Visiting History at Martin’s Station

By Mike Steely

Re-enactors can add so much to a historic place and Martin’s Station Fort, within southwest Virginia’s Wilderness Road State Park, is no exception.

My wife and I drove from Knoxville recently. I’d wanted to visit the fort for some time, having read about the history of Joseph Martin and the burning of the fort prior to the American Revolution. We found the fort isn’t next to the visitor center there but had to drive down a park road to a parking lot and then take a brief walk through the trees to a meadow where the fort has been reconstructed.

Re-enactor Richard Beeler hosted visitors at the fort and said it was an accurate reconstruction of a pre-revolutionary fort in our region. He also said the original fort was located in the Rose Hill community where a large brick home now sits atop the site.

The new Martin’s Station sits within the 300-acre park along what was once the Wilderness Road, leading travelers and settlers through the Virginia valley to eventually cross the Cumberland Gap into the Kentucky territory. It was established by Joseph Martin in 1775 and had four or five cabins.

Today the re-enactors occupy some of the cabins at the “new” fort and are dressed in period dress. We saw a blacksmith demonstration and the blacksmith fired and hammered a square nail which he gave to my wife. She prizes that little nail.

The “new” fort has a gate that swings up and down to admit visitors. The log buildings are furnished as they would have been and one door is covered with a bearskin.

Martin was a bit of a questionable figure in Virginia and Tennessee history. Although he had a family back in the colonies he also married the daughter of Cherokee Nancy Ward of Tennessee. Beeler said Martin may also have had two other Cherokee wives and as many as 24 children by them.

The original Martin’s Station, built by two streams, was abandoned by the settlers and was burned after they left by the Cherokee. Martin got a land grant for the area and built another fort nearby.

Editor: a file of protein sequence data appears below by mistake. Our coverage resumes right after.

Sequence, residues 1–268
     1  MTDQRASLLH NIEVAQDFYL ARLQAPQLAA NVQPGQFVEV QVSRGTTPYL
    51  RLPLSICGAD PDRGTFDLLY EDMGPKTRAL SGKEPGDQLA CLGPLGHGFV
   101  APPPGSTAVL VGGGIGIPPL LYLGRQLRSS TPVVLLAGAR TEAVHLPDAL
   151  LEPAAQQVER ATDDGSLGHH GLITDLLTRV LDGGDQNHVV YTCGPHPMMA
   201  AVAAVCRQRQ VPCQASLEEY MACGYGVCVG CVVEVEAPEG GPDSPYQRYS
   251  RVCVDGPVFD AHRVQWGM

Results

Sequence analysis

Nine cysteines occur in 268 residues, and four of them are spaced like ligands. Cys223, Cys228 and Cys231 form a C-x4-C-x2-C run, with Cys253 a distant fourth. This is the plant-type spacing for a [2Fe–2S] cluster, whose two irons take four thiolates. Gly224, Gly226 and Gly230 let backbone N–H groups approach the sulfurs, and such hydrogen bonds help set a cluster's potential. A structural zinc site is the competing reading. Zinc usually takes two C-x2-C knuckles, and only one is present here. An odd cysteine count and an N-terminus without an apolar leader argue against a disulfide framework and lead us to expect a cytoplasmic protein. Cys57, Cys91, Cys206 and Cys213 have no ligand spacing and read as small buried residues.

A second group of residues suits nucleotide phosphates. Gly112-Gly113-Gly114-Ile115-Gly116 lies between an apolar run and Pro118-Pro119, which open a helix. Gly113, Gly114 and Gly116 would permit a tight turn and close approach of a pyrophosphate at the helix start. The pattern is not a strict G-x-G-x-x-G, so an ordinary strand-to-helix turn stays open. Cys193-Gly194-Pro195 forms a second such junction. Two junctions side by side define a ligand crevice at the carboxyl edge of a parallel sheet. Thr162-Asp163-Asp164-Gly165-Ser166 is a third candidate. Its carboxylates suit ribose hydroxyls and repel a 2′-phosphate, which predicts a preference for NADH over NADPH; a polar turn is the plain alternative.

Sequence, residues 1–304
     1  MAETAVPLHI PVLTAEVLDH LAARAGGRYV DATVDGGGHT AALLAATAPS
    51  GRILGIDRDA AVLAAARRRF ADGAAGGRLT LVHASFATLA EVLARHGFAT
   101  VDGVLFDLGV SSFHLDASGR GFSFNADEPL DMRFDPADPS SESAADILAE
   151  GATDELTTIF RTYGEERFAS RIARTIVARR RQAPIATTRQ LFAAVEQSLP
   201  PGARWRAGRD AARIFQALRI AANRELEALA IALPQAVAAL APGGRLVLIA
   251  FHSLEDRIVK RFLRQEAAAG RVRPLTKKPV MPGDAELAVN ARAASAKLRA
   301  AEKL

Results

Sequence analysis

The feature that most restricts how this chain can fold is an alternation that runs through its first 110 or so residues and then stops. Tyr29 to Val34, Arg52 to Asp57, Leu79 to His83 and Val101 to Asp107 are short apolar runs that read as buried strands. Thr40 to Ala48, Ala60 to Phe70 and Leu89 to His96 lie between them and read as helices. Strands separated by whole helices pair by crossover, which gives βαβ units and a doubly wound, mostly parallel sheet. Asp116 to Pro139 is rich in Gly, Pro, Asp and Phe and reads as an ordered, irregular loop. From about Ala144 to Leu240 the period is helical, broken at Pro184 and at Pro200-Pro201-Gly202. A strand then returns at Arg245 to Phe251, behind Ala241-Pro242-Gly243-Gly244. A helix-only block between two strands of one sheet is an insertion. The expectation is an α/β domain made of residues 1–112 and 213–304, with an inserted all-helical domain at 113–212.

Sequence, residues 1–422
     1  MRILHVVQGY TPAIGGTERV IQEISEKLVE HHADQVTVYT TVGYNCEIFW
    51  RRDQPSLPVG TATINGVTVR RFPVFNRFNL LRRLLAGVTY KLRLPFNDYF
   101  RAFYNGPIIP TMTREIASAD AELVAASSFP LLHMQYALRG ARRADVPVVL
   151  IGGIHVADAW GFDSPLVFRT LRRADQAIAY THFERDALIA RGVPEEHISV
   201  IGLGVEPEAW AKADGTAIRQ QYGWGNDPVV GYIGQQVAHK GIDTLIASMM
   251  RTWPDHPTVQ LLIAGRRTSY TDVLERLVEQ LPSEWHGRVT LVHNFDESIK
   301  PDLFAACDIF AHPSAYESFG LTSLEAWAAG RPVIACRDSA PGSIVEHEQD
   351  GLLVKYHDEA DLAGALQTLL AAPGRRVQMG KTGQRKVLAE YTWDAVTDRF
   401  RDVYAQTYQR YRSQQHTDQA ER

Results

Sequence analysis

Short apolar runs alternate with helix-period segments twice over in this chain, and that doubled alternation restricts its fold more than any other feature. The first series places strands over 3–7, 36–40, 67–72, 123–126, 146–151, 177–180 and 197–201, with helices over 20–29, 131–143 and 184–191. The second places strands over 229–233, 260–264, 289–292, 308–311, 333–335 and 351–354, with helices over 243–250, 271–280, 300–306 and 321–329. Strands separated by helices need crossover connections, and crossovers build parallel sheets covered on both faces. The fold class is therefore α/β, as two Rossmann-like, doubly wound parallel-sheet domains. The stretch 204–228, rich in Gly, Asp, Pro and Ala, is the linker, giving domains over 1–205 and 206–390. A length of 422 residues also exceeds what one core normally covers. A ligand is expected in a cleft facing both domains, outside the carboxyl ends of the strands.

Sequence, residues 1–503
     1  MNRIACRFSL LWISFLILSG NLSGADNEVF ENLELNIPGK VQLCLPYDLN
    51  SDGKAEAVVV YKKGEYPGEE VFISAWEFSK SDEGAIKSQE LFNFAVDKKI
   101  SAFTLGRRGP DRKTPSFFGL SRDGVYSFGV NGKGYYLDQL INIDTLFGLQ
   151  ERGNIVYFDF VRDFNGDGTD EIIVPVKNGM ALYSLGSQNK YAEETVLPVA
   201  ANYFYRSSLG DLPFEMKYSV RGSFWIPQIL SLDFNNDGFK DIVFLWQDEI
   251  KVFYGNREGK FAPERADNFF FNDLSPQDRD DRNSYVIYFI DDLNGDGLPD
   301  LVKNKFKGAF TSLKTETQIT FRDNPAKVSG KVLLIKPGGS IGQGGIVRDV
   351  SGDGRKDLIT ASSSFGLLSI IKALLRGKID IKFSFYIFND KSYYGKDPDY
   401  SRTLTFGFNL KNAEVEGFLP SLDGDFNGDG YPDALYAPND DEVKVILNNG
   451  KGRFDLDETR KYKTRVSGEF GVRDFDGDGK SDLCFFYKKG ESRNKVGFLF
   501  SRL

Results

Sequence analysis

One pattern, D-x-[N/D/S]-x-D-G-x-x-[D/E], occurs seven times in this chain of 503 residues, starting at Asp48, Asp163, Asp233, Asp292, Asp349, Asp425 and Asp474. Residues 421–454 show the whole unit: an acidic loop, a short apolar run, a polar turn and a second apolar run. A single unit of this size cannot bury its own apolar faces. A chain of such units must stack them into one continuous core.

The Wilderness Road State Park has an interpretive museum, a gift shop and a docu-drama film. That film and the museum were being reworked while we were there and were not open. The park also has a picnic area, a grand view of the Cumberland Mountain, three shelters, a comfort station, playground, volleyball court, horseshoe pits and a self-guided Indian Ridge Trail.

On your way to the park and Martin’s Station Fort, you may want to stop by the refurbished old gas station in Tazewell or take a drive through downtown Maynardville or New Tazewell. The Lincoln Museum is located in Harrogate as well as the growing campus of Lincoln Memorial University.

We got there by driving up Maynardville Highway and on up Highway 61/33 to join Highway 25E almost to Cumberland Gap. Rather than going through the tunnel to Middlesboro we took a right on Highway 28. The park is only a few miles on your left. It’s worth a day away with the family and there’s lots to see. The park charges $5 per person and nothing for a handicapped person. The official address is 8051 Wilderness Road, Ewing, Va. You can call the park at (276) 445-3065 or find them on the internet.

 

 

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